A new mathematical discovery – the orthovolute – was recently made in Richard Palmaccio’s Multivariable Calculus class. After completing an in-depth study of the cycloid, a test on parametric equations was given and one of the problems led to this discovery of a new kind of locus of points situation described by two curves related to a given curve. One student, Charles Yang ‘22, ran with the concept of the orthovolute and was the first to complete the derivation of the orthovolute for the cycloid. He then introduced Palmaccio to the Desmos graphing system. Figure 12 was the result of Charles’ work. The remaining students, Alessandro Barbiellini ‘21, Matthew Choi ‘22, Daniel Ko ‘21, and Samuel Randall ‘21, are also, in addition to Charles, accomplished mathematicians who are among the very few to have ascended to Multivariable Calculus while still in high school.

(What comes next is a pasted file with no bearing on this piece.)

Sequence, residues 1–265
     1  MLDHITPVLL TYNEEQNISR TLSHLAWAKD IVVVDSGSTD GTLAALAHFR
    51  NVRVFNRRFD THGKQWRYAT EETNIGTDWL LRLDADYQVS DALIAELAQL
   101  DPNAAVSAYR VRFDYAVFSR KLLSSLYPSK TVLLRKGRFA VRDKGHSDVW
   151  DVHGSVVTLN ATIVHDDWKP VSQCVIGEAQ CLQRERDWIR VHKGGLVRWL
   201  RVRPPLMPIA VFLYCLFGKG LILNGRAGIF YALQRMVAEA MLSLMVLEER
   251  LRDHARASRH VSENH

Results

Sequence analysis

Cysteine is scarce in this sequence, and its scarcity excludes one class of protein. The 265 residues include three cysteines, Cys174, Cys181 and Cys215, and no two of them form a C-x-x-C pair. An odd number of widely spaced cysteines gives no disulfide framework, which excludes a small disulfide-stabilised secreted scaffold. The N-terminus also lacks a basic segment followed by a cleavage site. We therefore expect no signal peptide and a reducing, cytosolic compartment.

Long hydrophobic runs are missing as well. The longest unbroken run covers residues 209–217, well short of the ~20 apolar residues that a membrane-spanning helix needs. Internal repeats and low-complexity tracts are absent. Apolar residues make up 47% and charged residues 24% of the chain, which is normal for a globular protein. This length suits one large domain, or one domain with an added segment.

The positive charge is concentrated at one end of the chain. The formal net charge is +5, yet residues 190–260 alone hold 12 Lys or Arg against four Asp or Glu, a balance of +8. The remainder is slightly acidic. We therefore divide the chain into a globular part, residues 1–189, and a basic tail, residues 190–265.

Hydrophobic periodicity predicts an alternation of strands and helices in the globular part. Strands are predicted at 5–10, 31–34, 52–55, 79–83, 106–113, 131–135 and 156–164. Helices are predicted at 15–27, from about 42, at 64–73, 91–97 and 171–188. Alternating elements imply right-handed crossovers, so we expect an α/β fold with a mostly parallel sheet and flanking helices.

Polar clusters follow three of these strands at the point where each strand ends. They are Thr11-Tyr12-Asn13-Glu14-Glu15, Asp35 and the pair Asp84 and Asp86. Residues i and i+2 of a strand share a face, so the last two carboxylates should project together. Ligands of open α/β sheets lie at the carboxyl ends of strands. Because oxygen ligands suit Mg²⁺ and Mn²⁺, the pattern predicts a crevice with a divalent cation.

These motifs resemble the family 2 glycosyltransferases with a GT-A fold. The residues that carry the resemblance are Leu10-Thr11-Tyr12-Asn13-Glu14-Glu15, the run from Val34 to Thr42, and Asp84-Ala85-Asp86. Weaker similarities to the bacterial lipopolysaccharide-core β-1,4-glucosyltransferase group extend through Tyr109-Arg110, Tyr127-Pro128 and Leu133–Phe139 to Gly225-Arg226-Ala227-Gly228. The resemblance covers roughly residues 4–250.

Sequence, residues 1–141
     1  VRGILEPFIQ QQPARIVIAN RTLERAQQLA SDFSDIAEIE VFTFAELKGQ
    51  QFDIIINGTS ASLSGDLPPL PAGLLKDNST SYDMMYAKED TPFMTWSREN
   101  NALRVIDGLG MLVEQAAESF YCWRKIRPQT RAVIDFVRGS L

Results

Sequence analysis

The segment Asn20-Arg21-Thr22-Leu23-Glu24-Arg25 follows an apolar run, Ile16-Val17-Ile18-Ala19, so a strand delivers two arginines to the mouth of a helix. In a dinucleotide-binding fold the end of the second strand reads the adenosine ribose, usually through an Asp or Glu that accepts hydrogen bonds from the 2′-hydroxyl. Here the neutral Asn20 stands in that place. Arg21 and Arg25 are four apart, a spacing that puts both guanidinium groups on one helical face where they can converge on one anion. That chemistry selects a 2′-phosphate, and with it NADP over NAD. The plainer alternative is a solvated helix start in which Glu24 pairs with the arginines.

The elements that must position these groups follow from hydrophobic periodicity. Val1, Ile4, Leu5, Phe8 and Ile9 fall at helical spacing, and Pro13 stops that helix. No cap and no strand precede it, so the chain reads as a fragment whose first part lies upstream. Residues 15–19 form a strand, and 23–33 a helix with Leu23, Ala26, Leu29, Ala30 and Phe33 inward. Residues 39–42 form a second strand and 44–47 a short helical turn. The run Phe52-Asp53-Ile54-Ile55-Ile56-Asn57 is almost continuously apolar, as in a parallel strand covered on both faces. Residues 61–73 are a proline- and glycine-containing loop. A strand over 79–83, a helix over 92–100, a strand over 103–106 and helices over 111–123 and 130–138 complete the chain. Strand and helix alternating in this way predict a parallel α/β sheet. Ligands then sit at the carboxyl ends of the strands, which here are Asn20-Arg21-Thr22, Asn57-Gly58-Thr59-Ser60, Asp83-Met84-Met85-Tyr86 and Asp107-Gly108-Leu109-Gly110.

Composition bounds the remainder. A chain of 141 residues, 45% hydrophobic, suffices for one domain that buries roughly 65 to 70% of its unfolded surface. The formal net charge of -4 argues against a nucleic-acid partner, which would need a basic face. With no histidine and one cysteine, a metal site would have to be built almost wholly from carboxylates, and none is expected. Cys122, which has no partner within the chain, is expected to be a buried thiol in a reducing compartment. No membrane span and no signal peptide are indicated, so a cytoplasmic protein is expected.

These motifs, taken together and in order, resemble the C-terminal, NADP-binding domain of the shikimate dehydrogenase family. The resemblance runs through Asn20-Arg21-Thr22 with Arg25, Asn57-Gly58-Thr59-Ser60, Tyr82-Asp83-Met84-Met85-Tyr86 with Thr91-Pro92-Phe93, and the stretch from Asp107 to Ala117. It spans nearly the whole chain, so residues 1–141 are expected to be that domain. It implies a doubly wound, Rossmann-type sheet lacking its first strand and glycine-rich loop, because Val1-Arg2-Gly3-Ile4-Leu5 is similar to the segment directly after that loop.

Palmaccio, a 1962 graduate of St. Sebastian's and veteran teacher of 54 years, has taught many classes of varying levels of sophistication at St. Sebastian’s and notes that this present class in Multivariable Calculus ranks at the top of the many classes experienced. “Teaching this class of excellent mathematical scholars has been personally inspiring and has led in no small part to the creation of the orthovolute,” shared Palmaccio. An expert mathematician himself, Palmaccio’s problem inventions have been the basis of three past books, presenting some unique problem situations not available in ordinary textbooks.